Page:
The voltage regulator "watches" the voltage at the D+ point, which should be the same as that applied to the battery. It now changes the short between the D+ and DF terminals into a variable resistance. This effectively controls the field current (whose source is now the output from the D+ terminal, and not the charge warning lamp) and thus regulates the output voltage of the alternator.

    Fault conditions: When something happens to the charging system that causes it's output to be insufficient, the result is almost always a net voltage difference across the charge warning lamp, causing it to light. For example: Suppose an output (B+) diode opens. The efficiency of the main output is now considerably reduced. The voltage regulator does not know this, however, because it is looking at the D+ point. So, the B+ output is now lower than the D+ point and the warning lamp lights. Let's say that one of the D+ diodes failed: The D+ output is now reduced considerably. This means that the voltage regulator will have difficulty in maintaining sufficient field current for normal output. The field regulating resistance is low or short (between D+ and DF terminals) and the resulting load on the crippled D+ system drops it's voltage well below the battery voltage. Therefore, there is a net voltage difference across the charge warning lamp and it lights.

    The bottom line is that in order for your light to light, you must have a net imbalance in the outputs of the D+ and B+ sections of the alternator (or between the D+ output and the battery voltage, which amounts to the same thing).

    To trouble-shoot the problem, you need to check the various sections independently. Thus the first check: Connect +12 volts from the battery to the DF terminal on the relay board. This is the maximum field current situation, and should result in maximum output of the alternator. Note that this checks the B+ diodes, the alternator windings, and the common diodes. It does NOT check the D+ diodes.

    To check the D+ portion of the system, it is necessary to find out if the D+ output can produce enough current to drive the alternator to full output. To do this, short the D+ and DF terminals on the relay board. This will provide the maximum field current to the alternator that the alternator ITSELF can supply (not the battery, as in the earlier check) and so checks the remainder of the circuitry. If this test puts the light out, then the alternator is good, and the trouble is elsewhere. If it doesn't, then the alternator is almost certainly bad, with one other possibility:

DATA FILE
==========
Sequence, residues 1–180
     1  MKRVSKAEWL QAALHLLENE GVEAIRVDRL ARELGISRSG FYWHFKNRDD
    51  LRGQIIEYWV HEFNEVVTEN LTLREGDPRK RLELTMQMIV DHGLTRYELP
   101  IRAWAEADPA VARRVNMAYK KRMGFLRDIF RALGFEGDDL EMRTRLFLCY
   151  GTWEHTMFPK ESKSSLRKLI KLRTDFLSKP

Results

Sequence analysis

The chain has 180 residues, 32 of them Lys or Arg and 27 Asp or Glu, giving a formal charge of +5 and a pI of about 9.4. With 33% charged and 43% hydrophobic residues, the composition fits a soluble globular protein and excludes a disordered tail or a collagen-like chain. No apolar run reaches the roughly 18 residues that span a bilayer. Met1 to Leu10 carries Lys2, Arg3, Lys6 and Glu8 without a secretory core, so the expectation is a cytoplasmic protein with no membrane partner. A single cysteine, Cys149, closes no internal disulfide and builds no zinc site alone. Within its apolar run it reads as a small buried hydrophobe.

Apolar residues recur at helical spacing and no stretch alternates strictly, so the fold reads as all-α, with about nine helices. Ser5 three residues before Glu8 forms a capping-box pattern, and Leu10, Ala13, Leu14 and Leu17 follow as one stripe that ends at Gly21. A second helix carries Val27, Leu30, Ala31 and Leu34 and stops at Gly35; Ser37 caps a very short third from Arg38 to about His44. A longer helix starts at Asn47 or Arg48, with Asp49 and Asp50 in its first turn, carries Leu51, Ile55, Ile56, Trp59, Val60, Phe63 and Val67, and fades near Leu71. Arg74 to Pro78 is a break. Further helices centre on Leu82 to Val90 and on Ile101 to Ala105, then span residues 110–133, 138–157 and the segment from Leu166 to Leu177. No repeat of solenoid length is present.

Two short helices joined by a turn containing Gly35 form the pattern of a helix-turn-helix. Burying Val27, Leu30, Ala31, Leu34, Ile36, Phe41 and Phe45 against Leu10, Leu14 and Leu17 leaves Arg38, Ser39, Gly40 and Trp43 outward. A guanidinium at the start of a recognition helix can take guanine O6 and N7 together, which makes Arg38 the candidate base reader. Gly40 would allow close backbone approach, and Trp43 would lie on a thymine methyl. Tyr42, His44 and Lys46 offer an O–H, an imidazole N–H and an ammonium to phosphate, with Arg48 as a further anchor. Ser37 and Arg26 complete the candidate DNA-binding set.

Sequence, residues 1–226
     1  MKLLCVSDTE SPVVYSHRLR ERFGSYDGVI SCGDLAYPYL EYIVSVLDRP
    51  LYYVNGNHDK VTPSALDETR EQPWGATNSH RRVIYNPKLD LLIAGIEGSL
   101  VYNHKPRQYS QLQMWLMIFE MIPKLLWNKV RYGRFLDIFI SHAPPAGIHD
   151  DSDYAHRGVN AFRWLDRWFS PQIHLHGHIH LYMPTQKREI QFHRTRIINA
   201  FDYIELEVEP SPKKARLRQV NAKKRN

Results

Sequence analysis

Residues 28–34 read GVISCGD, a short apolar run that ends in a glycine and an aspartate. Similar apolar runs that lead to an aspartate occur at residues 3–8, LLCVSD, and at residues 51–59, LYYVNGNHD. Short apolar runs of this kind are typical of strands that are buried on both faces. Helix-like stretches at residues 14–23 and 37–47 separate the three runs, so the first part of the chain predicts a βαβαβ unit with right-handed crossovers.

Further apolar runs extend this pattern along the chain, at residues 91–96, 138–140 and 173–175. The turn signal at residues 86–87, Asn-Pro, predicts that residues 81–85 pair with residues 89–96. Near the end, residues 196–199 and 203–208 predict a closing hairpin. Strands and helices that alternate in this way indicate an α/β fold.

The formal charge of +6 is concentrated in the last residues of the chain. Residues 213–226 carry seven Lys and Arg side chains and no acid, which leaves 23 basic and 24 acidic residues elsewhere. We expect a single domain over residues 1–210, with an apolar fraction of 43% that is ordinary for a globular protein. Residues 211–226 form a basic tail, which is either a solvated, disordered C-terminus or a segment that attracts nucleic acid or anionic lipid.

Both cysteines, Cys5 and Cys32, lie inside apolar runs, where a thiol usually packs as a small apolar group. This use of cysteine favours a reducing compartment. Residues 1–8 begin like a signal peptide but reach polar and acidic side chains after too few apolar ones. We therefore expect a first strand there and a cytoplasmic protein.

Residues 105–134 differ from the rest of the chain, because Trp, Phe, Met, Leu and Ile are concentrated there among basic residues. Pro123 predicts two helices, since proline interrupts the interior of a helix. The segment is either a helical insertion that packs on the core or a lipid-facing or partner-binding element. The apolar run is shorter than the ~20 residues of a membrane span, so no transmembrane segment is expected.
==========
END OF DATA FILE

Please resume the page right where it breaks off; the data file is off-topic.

In the Bosch system, the size of the charge warning lamp bulb is critical. Too low a wattage bulb will not supply enough field current for "bootstrap" operation to be reliable. The Bosch book that I have states that the lamps must be at least 2 watts for 12 volt systems. If you have replaced your charge warning lamp recently, then too small a lamp may be your culprit.

    written by Jim T.
     
    Last edited: Jan 4, 2021
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  2. Mordred

    Mordred Super Moderator Staff Member

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    Alternators & Charging Systems Troubleshooting

    Diagnosing and rebuilding alternators.

    How it works: The part that rotates is called the field, or rotor. The stationary part is called the armature, or stator. (This is the reverse of the little DC motors we had in electric train sets when we were young, and is the source of endless confusion.)

    The field makes magnetism - it is just a big electromagnet. Since it rotates (driven by a pulley), we use brushes and slip rings to get power to the field. This power is supplied by the voltage regulator.

    Remember that moving a magnet past a wire induces a current in the wire. (Works the other way, too: You can move the wire past the magnet and get the same result.) The faster you move the magnet, the higher the current in the wire. Also, the stronger the magnet, the more current you get. This is why we need a regulator: At 5,500 RPM the alternator would be putting out 1,000 volts and promptly fry our expensive eurolights and trick stereos. (And climate controls and window motors and trip computers . . . )

    (And yes, I am using the words "current" and "voltage" interchangeably here - this is not correct, but will work for the purposes of this discussion.)

    The regulator functions by sensing the output voltage of the alternator - now listen carefully - and *reducing* the power to the field (less power equals less magnetism equals less alternator output) as required to keep the alternator output DOWN to the required 13.2 to 14 (approximately) volts.